Science teacher to Scrum Master may not seem like a natural transition. Indeed, my friends and family wondered about my recent career switch to Scrum Master at the Concord Consortium.
Let me explain how I got here.
According to Scrum Alliance®, a Scrum Master is “the Scrum team member tasked with fostering an effective and productive working environment and guiding others to understand scrum values, principles and practices. Scrum Masters tend to be people-oriented, have a high level of emotional intelligence, and find joy in helping team members to grow.”
This seems to me a lot like the role of a teacher.
Early in my teaching career, project-based learning (PBL) was gaining popularity in education. I knew I wanted to implement some PBL units in my biology classes, but I wasn’t sure how to start. While researching methods for managing and implementing science projects, I discovered Scrum.
Despite knowing that Scrum is used primarily to develop technology, I signed up for the training to become a Scrum Master in the hopes of utilizing some techniques in my classroom. While the training was heavily focused on how to use Scrum when developing technology, I looked for ways to adapt some of the processes to fit the needs of my students. It wasn’t hard because what I learned from the training was that a lot of what Scrum Masters do is teach!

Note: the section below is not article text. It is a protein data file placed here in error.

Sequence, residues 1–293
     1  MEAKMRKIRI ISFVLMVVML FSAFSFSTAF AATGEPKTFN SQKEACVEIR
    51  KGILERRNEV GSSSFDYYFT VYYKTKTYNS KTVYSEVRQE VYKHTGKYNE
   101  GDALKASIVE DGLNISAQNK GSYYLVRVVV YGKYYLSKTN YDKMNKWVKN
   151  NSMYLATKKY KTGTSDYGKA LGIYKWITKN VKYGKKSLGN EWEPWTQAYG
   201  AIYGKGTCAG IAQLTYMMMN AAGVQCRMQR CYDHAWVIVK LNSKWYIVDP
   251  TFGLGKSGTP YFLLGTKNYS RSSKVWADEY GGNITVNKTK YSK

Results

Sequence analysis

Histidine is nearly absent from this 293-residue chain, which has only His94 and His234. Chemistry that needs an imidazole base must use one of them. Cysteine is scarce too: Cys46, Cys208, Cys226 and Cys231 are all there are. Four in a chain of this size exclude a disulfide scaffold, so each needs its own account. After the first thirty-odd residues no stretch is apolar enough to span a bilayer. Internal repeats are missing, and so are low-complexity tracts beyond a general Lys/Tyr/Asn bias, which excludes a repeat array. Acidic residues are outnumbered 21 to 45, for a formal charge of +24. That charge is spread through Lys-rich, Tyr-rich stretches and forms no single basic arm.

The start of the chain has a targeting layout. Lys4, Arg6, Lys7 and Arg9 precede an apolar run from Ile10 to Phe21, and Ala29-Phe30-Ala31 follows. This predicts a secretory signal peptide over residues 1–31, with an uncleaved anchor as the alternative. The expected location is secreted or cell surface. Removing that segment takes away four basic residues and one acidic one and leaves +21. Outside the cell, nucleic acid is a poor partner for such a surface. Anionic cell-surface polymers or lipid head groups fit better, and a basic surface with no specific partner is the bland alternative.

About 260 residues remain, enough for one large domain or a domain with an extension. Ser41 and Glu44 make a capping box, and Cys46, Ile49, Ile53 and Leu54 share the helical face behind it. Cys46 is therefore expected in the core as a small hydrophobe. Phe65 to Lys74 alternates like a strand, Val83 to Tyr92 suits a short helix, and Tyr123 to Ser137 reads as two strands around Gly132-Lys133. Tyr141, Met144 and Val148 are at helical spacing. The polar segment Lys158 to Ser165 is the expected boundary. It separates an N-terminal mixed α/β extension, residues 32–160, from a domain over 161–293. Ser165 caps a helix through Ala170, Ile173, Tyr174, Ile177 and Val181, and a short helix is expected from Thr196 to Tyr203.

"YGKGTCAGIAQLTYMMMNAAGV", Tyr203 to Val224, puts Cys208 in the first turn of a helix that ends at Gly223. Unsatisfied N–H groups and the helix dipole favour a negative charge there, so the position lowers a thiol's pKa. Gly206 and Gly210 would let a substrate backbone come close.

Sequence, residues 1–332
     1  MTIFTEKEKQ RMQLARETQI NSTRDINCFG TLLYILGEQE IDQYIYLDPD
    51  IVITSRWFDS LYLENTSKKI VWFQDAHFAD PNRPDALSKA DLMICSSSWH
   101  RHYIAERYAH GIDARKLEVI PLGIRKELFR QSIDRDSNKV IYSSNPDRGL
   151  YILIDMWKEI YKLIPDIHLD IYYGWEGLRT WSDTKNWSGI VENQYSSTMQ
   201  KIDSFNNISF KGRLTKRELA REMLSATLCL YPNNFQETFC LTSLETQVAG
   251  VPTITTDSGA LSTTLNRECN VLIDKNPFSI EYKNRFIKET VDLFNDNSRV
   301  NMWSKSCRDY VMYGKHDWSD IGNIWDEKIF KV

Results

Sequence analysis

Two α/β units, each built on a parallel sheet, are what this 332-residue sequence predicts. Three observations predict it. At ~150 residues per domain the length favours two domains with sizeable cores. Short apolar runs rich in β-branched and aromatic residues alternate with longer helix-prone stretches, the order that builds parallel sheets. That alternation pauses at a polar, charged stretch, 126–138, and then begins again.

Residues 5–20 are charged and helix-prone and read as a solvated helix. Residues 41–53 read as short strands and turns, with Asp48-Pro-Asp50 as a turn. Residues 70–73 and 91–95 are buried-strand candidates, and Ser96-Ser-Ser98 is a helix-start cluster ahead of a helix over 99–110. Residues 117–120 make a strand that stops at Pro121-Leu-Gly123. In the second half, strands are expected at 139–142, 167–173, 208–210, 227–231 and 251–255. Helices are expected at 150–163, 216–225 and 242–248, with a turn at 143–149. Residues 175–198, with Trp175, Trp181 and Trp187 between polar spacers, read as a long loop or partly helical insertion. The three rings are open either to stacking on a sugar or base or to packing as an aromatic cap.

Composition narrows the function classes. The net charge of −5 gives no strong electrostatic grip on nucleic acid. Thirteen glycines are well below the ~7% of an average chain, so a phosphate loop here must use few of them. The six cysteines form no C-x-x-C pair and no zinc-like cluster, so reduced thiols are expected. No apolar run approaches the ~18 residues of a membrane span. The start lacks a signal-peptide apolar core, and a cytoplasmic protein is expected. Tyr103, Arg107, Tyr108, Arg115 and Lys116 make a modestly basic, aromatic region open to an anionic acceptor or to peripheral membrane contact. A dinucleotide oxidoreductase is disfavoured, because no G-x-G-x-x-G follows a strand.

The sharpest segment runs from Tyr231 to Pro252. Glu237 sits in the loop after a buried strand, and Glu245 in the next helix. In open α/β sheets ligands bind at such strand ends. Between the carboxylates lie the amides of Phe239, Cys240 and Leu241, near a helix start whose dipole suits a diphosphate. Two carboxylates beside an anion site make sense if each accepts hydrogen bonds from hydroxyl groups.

Scrum Masters are responsible for continuing education about Scrum and Agile for both the Scrum team itself as well as the organization as a whole. Topics include the importance of transparency, inspection, and adaptation. Scrum Masters encourage team members to reflect on how to improve and guide the team in fulfilling their roles, creating and maintaining a shared identity, and self-organizing. Importantly, Scrum Masters remind the Scrum team that they are people first and having fun should be a part of their daily on-the-job routine.
Five values are at the core of Scrum: commitment, courage, focus, openness, and respect.
It didn’t take long for me to realize that these values had been instilled in me during the six years I spent in the classroom. As a teacher, I was committed to my students, courageously created a safe learning environment, helped my students focus on reaching their academic goals, demonstrated openness by providing timely feedback, and showed respect by getting to know each student individually and teaching them according to their needs.
After my initial certification training, I spent time implementing an adapted version of Scrum to help my students complete both projects and lab assignments. They truly enjoyed the process because it allowed them to get feedback quickly from me and each other, and adapt their plans and procedures for their labs and projects.
As I saw the success of Scrum in the classroom, I became hooked. And that’s when I decided to apply for a position as a Scrum Master at the Concord Consortium.
Scrum Masters are committed to the development team and I now reinforce this commitment at the Concord Consortium in the same way that I did in the classroom. As the Scrum Master, I manage the sprint schedule and Scrum cycle. My goal is to foster team courage by creating a safe space for team members, focus on our sprint goals, facilitate openness and respect at our daily standups, and provide opportunities for our amazing developers to demonstrate their accomplishments during a sprint review.
Ultimately, educators and Scrum Masters have a lot in common. We focus on people and aim to maximize their potential.